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The Way We Were

1962: Library books take flight

Beginning at 8 a.m. on a brisk Jan. 30, 1962, students gathered at the Clark Library to begin the arduous task of moving 80,000 volumes of books from the old library to the new Noble H. Getchell Library.

The event took place in the midst of the Cold War, and Dave Buchanan, Sagebrush managing editor, commented, “A Russian Soviet commissar happening on campus would have scurried back to Moscow quickly — reporting that Russian education must be accelerated even faster to keep pace with America. Any nation whose university students stagger around campus under loads of books must be a power to be reckoned with in academic circles.”

Campus living groups (Greek organizations and dormitory residents) were organized to tackle the colossal task. Sixteen of those groups were divided into four, two-hour shifts to complete the all-day project. Independent students were also invited to help with the move. Together, about 1,000 students helped in the effort.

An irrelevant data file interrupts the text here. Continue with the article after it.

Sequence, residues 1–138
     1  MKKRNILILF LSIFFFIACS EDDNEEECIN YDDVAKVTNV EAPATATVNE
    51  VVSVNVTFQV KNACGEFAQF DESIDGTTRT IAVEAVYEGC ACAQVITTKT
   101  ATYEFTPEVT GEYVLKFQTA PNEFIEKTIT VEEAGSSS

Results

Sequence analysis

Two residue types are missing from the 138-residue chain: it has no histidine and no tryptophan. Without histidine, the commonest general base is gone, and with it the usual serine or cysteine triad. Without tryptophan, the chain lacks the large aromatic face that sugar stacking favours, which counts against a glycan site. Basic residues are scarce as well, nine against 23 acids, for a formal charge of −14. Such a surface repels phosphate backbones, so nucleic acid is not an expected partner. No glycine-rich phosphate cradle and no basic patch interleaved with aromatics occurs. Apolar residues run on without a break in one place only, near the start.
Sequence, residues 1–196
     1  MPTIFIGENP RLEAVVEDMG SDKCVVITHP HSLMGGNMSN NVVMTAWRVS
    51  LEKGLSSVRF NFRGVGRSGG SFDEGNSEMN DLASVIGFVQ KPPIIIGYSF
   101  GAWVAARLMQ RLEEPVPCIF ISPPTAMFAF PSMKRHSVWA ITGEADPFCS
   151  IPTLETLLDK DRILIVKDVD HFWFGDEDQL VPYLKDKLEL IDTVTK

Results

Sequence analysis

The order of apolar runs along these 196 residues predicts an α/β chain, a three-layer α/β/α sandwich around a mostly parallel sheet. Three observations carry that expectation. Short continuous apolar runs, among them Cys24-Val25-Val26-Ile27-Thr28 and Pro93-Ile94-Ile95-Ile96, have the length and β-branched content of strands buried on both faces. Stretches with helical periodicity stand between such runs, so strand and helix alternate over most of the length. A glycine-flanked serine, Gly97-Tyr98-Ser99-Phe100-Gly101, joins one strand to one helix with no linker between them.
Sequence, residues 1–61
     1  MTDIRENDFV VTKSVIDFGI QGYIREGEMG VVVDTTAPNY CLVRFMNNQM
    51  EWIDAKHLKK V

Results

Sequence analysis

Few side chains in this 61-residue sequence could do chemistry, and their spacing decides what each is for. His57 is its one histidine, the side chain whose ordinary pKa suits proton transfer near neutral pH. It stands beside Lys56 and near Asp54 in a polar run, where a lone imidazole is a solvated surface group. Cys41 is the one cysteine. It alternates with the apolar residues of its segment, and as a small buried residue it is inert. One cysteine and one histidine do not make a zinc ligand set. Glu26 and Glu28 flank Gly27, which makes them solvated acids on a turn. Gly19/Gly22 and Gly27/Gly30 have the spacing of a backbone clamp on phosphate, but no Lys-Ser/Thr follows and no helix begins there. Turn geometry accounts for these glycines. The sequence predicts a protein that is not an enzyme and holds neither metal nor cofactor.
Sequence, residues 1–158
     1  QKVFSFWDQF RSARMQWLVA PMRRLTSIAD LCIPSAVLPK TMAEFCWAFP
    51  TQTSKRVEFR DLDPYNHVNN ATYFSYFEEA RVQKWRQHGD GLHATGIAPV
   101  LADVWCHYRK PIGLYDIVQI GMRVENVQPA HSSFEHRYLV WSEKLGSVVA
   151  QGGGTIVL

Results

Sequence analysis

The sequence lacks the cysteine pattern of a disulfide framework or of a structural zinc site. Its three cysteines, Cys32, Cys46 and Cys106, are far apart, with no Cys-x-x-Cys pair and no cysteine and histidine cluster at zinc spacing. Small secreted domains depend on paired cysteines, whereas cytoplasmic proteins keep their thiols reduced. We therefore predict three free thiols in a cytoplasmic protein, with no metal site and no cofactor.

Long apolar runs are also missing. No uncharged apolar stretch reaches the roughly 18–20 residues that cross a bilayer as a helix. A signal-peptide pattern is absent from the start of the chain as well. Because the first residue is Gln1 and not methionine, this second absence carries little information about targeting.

Following completion of the job that was covered by television news as far away as Sacramento, volunteers were given free tickets to a post-football game dance held in the Dining Commons.

Carrying an average of 15 books per trip, the students saved the university an estimated $2,000 in transport costs.

Getchell Library cost $2.8 million to construct and, provided three times more room than Clark, and had the capability to hold 400,000 volumes of books.

— Brandon Stewart

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